quilt book

I had a chance to ask Janet Clare about her new self-published quilt project book – Freya and Fred: a week full of quilts for a girl and her dog. This beautifully presented book full of imaginative and fun quilts and other projects is a joy to hold and view and I know many of the techniques and images will be inspiring us for a long time. 

Hi Janet, I love the concept behind this book – a little girl and her dog doing a week of activities – can you tell us a little about what inspired this idea?

Janet: I was inspired by the paper dolls and their clothes that I used to play with when I was little. Making an appliqué girl and getting to design a wardrobe of clothes for her was great fun! And then I felt she looked a little lonely so I got her a dog! Freya is my favourite girls’ name, but I had two boys- luckily I have two lovely nieces called Freya now!

You self published this book – is that correct?  … the photography and design of the book is simply wonderful – I love the quality of the paper too – can you talk about the process of going from idea to self publication?

Janet: Yes, I did self publish and made all the projects and took all the photos too. My friend Hayley is a graphic designer and she laid out all the pages for me and my lovely husband helped do all the technical bits that I am clueless about! My friend‘s little girl modelled for me. So, in no way did I do the book all by myself, I had a lot of help.

I’m so glad you liked the style of the book and the paper etc because I was very fussy indeed about all that and got the printer to order in the paper especially. The best part about self publishing was never having to compromise! So, I made my book my way and am very, very fortunate that others like it too!

In terms of the process I decided in January 2010 to write and self publish a book which would be launched at ‘The Festival of Quilts’ (the biggest quilt show in Europe, August at the NEC Birmingham), started a sketchbook (new project, new sketchbook!) and asked Hayley if she could help me and then worked round the clock for a few months to get everything made. Hayley, Tony and I worked ‘til the wee hours of the morning every night for three weeks. The files were taken to the printers and I waited and waited and then just the morning before I had to leave for Birmingham I picked my books up- there wasn’t a second to spare!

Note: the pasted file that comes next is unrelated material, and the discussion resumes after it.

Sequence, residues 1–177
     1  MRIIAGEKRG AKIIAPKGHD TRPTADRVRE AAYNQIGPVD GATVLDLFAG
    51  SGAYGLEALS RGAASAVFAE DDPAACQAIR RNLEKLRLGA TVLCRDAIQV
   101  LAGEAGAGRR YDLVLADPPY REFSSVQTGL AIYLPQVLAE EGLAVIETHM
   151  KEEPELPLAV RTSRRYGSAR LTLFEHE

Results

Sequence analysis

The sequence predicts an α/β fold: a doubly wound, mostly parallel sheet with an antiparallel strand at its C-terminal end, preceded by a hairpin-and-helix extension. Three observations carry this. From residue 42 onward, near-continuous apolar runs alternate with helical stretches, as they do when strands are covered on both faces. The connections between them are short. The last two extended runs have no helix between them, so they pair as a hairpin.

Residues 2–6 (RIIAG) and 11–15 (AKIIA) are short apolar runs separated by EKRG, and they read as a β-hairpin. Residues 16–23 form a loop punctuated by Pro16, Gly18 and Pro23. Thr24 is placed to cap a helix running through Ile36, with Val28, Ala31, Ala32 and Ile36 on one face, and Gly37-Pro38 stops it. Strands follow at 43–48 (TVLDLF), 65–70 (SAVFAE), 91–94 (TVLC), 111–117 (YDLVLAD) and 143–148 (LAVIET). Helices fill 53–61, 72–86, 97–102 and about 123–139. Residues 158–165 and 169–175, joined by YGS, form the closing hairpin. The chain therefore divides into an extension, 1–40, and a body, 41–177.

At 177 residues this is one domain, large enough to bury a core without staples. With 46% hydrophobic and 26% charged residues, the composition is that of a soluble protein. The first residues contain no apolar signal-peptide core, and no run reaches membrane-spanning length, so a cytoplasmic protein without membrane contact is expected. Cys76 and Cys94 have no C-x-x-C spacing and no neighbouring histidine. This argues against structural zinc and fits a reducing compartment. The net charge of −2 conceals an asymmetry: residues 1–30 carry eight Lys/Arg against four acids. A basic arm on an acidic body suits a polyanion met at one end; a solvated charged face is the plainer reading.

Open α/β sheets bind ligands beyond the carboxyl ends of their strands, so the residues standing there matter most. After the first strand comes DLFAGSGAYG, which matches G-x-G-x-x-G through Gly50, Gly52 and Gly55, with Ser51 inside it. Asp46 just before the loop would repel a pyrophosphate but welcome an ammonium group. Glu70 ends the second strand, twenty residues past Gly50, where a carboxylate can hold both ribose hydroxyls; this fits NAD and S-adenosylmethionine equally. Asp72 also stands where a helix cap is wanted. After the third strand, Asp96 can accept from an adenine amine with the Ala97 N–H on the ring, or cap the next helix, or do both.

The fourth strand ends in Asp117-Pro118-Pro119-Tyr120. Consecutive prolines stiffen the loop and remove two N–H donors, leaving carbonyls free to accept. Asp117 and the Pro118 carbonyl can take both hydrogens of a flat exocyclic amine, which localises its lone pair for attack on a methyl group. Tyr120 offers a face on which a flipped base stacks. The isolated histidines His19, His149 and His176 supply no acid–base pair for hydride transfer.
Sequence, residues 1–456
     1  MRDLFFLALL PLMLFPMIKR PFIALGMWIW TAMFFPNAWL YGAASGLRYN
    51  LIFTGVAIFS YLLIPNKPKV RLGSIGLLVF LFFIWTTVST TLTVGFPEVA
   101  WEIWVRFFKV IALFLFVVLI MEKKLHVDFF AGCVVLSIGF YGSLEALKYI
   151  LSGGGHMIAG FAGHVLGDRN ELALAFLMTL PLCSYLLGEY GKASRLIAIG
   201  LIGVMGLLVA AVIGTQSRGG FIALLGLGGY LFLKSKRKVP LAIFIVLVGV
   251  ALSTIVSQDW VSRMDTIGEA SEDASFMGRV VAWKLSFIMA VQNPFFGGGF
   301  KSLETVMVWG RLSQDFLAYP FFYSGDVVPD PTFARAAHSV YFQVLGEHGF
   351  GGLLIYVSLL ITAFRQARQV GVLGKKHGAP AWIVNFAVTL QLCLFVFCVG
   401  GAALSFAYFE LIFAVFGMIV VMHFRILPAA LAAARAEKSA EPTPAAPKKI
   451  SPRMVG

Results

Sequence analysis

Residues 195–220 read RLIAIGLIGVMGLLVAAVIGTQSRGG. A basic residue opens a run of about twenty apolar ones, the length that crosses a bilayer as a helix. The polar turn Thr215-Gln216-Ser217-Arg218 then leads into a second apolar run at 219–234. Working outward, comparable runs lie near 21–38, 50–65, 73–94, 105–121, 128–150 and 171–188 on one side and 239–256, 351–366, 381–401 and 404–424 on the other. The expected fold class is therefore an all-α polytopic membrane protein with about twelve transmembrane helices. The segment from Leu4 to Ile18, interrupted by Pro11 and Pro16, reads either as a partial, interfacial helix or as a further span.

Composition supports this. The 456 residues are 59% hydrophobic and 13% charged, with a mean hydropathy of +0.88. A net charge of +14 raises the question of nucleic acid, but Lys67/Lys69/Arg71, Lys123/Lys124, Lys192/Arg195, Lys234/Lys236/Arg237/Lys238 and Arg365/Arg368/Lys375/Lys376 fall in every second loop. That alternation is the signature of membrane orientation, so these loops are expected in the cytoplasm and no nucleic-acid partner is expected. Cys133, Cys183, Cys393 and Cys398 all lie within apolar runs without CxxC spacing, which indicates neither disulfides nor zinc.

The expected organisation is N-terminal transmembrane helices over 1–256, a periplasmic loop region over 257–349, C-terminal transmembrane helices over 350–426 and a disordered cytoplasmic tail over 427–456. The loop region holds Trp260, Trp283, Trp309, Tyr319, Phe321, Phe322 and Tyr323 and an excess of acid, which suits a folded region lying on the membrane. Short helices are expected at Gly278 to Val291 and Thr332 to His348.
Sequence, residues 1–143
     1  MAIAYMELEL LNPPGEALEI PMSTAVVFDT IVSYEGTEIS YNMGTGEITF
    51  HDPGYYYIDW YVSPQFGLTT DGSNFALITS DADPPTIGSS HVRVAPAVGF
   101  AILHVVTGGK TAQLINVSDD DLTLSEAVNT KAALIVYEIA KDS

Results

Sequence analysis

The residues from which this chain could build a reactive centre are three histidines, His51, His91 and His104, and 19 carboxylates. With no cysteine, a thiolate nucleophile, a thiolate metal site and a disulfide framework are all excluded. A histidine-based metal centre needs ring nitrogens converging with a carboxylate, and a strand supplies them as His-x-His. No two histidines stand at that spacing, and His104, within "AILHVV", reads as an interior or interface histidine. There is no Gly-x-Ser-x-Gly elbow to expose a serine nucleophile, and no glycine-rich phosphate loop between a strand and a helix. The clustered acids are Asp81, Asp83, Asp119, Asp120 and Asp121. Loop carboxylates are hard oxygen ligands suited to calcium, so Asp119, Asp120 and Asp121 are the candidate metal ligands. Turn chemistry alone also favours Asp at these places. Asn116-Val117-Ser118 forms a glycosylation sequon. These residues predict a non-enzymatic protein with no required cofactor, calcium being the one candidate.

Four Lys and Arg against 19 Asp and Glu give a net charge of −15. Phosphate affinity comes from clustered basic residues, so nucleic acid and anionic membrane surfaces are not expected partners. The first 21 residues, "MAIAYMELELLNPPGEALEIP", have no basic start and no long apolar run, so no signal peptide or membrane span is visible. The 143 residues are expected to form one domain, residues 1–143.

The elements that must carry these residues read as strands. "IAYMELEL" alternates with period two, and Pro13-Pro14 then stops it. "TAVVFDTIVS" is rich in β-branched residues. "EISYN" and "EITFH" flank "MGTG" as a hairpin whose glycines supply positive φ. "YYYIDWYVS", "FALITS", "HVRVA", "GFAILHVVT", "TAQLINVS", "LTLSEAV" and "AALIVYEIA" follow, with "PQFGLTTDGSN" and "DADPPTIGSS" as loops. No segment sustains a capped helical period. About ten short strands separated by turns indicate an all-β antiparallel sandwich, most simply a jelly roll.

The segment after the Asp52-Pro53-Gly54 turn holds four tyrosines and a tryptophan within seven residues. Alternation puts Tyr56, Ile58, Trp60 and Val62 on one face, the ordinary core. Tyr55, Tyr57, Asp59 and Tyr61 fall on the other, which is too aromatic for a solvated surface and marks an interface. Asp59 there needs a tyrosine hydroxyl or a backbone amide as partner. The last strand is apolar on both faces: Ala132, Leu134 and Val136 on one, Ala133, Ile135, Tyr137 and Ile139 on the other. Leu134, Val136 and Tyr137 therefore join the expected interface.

A couple of things about the illustrations and designs that really stood out for me were the jointed applique templates for Freya and her dog Fred, can you talk about how these came about, and what quilters can use these for?

Janet: The jointed appliqué templates were a brainwave of mine a few years ago. I was cooking dinner for the boys and trying to draw six horses all the same size but in different positions for my Horse blanket pattern.

It wasn’t going well, the dinner was spoiling and the boys were bickering when all of a sudden I just knew I only needed to make one horse that moved. The rest is history! I now have jointed movable patterns for a horse, rabbit, dinosaur, cat and dog and in my book there is a dancing ballerina and a moving Fred.

Using a jointed template for your appliqué makes them very versatile and makes every quilt truly unique. Just position the ballerina as you wish and then trace her onto some fusible web (Bondaweb) or onto your fabric and appliqué as normal. Re-position the template and start again! The templates can be turned over too so Fred can look left and right.

I have suggested photocopying the templates onto card before you use them and you could also enlarge or reduce them too. I have also used my templates for paper crafts and the boys have coloured them in and made little puppets to play with. My appliqué templates are very versatile!

I love that each quilt project is accompanied by a little story, recipe or additional craft project accessory – you obviously had a huge amount of fun creating the projects and concepts for this book – can you talk about your decision making process for each quilt?

Janet: I had the best time writing my book! I had so many ideas that I couldn’t fit them all in. In the beginning I decided to make ‘Freya and Fred’ a lovely object in its own right- the kind of book that you just loved to curl up with and take inspiration from. I was really determined not to make just a project book (although there are many projects to make in the book!) I also decided not to make the book for complete beginners- this meant I didn’t have to include very detailed step by step instructions but could assume some prior quilt making experience.